Today’s offering comes from an artist who is a particular favourite of mine, Rembrandt van Rijn. Rembrandt was a prolific painter of biblical scenes and characters, imbuing them with meaning through his use of colour, tone, light, darkness, and detail. So today and tomorrow, I will consider two of his paintings: for today’s offering, I’ve chosen his wonderful portrait of the Hebrew prophet Jeremiah.
Rembrandt has depicted the prophet at the moment of Jerusalem’s destruction by invading Babylonian troops. He sits a distance away, head in hands, affirming his reputation for being one of the gloomiest biblical prophets in the Hebrew Bible. With his bare feet, he appears to have rushed off at short notice from the burning city (which we glimpse in the background), but not before he has salvaged some precious remnants from the now-decimated temple. A gold dish and jug, some books, and a velvet embroidered cloth lie by his left side – all that is left of the house of God, in which Jeremiah would have served as priest. His deep sadness is contagious here – the sombre tones reflect a sense of loss and grief, while his small bundle of salvaged treasures are but a cruel reminder of how utterly comprehensive the overthrow of Jerusalem, and its temple, has been. No wonder then he lamented wih such ferocity throughout his prophetic ministry, no wonder his words were so bitter and heartsore:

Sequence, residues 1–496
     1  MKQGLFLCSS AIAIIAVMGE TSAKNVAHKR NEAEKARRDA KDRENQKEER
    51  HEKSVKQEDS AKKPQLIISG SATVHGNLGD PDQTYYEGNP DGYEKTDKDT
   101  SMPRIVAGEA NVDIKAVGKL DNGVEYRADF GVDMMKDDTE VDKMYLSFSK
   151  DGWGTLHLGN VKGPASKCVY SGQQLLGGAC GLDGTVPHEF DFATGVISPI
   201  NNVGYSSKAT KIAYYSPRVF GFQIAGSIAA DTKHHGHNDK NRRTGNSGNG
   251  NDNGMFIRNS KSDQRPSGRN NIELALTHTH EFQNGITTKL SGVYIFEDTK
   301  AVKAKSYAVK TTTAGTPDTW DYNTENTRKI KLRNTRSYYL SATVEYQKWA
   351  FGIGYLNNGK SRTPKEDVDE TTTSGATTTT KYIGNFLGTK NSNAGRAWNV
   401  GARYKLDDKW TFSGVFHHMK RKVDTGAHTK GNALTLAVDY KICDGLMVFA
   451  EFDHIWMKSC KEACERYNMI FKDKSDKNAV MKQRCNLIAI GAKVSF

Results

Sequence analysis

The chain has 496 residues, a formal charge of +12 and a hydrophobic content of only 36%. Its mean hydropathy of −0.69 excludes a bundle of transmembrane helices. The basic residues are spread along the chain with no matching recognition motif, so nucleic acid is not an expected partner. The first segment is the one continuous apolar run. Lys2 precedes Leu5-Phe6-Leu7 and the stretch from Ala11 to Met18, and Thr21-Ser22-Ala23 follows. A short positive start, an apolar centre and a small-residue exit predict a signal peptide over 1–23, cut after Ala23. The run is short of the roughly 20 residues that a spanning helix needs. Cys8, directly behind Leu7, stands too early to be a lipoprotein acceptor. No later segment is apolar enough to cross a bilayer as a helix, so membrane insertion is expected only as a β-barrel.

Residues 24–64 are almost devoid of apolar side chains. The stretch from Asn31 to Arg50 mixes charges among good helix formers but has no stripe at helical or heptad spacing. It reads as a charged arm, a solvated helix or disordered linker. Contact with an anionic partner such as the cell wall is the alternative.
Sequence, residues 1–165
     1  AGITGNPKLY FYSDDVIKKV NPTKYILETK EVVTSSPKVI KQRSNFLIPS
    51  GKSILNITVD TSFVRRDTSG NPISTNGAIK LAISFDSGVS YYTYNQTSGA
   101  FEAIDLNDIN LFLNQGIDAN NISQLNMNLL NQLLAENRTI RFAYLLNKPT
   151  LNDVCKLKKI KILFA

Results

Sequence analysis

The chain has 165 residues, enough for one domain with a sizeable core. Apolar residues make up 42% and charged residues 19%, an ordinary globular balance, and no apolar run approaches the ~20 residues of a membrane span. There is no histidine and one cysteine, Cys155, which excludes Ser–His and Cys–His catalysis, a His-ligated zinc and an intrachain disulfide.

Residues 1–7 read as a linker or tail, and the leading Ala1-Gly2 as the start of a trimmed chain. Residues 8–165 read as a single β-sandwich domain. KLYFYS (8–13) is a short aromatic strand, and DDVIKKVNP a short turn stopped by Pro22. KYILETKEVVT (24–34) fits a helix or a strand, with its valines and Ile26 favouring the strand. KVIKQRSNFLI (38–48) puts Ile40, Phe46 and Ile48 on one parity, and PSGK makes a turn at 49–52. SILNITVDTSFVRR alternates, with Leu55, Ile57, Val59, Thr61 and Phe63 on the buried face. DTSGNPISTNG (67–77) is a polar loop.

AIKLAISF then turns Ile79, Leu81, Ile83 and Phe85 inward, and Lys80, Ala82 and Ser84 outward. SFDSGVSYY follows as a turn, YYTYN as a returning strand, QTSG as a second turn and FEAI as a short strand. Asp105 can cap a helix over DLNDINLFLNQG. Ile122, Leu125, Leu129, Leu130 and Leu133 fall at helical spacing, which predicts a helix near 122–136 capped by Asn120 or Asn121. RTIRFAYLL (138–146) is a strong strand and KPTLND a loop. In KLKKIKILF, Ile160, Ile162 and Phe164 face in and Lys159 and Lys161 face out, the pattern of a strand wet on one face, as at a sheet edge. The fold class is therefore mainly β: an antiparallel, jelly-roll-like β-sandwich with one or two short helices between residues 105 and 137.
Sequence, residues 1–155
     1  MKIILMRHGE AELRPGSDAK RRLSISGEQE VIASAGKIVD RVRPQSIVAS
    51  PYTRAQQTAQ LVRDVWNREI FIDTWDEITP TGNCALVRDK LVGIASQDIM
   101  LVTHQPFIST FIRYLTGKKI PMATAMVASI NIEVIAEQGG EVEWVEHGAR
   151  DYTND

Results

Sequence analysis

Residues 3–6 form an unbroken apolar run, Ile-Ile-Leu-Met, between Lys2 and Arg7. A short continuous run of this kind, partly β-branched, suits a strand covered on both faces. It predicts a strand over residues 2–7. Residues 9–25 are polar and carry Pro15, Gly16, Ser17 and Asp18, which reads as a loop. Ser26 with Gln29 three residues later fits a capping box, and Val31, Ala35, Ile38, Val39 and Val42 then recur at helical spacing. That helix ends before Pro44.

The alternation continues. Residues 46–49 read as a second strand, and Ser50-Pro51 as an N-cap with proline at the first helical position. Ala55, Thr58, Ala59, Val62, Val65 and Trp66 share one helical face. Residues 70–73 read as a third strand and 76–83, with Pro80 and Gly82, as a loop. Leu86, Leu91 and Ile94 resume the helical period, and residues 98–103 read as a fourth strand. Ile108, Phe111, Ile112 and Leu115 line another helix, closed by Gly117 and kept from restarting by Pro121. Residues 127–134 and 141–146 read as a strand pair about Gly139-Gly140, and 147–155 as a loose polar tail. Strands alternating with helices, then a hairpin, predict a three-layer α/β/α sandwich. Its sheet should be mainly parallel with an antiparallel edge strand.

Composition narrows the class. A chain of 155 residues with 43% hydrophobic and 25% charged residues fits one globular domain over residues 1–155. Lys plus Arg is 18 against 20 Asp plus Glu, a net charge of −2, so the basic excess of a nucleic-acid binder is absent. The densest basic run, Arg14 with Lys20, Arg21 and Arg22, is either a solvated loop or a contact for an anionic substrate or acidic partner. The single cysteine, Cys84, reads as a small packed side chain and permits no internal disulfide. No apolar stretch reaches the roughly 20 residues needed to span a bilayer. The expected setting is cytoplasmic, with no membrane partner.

My anguish, my anguish! I writhe in pain!
Oh, the walls of my heart!
My heart is beating wildly;
I cannot keep silent;
for I hear the sound of the trumpet,
the alarm of war.
Disaster overtakes disaster,
the whole land is laid waste...
…I looked on the earth, and lo, it was waste and void;
and to the heavens, and they had no light.
I looked on the mountains, and lo, they were quaking,
and all the hills moved to and fro.
I looked, and lo, there was no one at all,
and all the birds of the air had fled.
I looked, and lo, the fruitful land was a desert,
and all its cities were laid in ruins
before the Lord, before his fierce anger.
For thus says the Lord: The whole land shall be a desolation; yet I will not make a full end.
Because of this the earth shall mourn,
and the heavens above grow black;
for I have spoken, I have purposed;
I have not relented nor will I turn back. (Jeremiah 4:19-28).